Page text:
Tim, Jason and Dick are all referenced as previous Robins, so there has to have been time for each of them as well. Sadly, Stephanie’s brief time as Robin was not referenced. It’d be sad if they got rid of her stint, but kept Jason’s in canon. Jason’s only alive because Superboy Prime got mad and punched the multiverse. The sooner that’s done away with the better. If they did get rid of that nonsense, then either Jason never was killed by the Joker, removing his best moment, or he’s dead, which would be fine with me. They haven’t seemed to know what to do with him since he came back. He’s Red Robin! No, he’s Red Hood! No, he’s just a jackass! Cut him loose and be done with it.

They have some new, invisible supervillain kill off the Russian Batman in the opening pages, evidently just to establish that this villain is badass and sick. I’m hoping the villain is revealed to be Vladimir Putin, but I doubt DC has the guts to do that. Sad, it’d be funny. Despite the lengths they go to to show how bad this bad guy is, and despite a possibly related heist gone wrong that Batman and Robin mostly foil, the real focus of this issue is that Bruce is Batman again and Damian is a handful.

Despite Damian’s time with Dick, he’s still impulsive, arrogant and makes bad decisions like any pre-teen would. The problem is his arrogance and anger and much of his training comes from his mother and her army of ninjas. Batman is going to be spending much of his time teaching Damian right and wrong. Much of the early part of the issue deals with Batman introducing Damian to his world and being frustrated that the kid doesn’t want to listen, show reverence to the things Bruce has reverence for or admit that Bruce knows best. In other words, a normal parent-child relationship, this one is just played out in life-threatening ways every day.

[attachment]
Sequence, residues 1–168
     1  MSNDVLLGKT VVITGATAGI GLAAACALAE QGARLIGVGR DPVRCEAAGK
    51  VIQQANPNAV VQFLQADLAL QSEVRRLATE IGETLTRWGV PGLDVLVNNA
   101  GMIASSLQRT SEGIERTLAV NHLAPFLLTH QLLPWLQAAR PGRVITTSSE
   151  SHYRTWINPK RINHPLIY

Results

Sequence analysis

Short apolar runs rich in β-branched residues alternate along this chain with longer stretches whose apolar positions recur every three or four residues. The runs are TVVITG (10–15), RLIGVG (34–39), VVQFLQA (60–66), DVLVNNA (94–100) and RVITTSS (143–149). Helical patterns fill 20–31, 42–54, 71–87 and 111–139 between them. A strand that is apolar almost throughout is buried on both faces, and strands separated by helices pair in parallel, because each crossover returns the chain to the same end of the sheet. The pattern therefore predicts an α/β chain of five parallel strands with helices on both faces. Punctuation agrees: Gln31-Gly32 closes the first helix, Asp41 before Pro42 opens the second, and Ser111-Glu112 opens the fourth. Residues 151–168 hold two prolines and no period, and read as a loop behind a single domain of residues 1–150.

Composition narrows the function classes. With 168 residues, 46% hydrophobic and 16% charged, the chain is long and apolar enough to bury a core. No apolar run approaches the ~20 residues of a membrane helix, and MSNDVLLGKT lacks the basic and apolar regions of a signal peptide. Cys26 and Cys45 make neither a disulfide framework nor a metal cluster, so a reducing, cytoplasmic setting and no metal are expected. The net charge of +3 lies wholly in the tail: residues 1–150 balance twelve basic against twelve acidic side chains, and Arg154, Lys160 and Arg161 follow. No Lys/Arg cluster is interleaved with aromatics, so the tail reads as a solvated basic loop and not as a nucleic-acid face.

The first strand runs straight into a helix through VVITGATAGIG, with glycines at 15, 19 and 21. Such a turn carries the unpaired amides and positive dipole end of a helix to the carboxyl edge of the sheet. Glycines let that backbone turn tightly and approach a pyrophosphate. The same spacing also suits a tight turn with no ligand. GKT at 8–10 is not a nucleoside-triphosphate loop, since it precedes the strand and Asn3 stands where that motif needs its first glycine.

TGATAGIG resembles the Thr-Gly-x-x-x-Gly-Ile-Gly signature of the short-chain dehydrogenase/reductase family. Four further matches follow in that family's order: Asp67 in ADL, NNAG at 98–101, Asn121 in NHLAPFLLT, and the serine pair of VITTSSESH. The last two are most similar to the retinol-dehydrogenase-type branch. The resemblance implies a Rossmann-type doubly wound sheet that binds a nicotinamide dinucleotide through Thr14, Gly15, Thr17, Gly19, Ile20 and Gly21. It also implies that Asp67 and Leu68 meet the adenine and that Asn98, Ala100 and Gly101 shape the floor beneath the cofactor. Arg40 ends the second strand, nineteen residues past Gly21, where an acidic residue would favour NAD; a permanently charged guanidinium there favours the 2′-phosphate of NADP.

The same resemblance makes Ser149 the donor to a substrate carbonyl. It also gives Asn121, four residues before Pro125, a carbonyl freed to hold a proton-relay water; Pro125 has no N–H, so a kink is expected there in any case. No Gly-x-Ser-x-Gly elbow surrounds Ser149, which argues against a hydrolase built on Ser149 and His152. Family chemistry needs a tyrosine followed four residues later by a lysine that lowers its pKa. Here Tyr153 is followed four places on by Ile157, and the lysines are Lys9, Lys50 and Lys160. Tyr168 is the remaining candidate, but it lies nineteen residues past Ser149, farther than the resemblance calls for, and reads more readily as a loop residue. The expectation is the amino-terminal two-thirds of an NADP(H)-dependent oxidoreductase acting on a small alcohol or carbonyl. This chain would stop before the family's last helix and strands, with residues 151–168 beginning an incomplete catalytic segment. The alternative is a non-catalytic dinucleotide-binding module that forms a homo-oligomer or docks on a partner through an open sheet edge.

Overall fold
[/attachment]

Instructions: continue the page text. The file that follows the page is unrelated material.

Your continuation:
That’s the other reason this doesn’t feel like it is part of the rebooted universe: In addition to the litany of all the previous Robins and how Damian isn’t like them, Dick was also Batman for awhile. Was Bruce still dead/In the past? If he was, then how did Flashpoint, a change in relatively recent history, affect that whole sequence? If the whole Death of Batman thing didn’t happen, why was Dick Batman? This series, perhaps more than most of the rebooted titles, has a lot of explaining to do.

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Omac #1

 OMAC or O.M.A.C. to be more traditional is originally a creation of Jack Kirby when he was at DC Comics. O.M.A.C. stood for One Man Army Corps and took place in a dystopian future. We’ll have to wait to see if it still does.

The new OMAC tries to keep the feel of Kirby’s art, but instead of simply imitating the style, they’ve infused it with Giffen’s style to make it something unique. The two styles really blend well together, but you can still see both in the art. It is unfortunate or maybe appropriate that the entire first issue is one of confusion.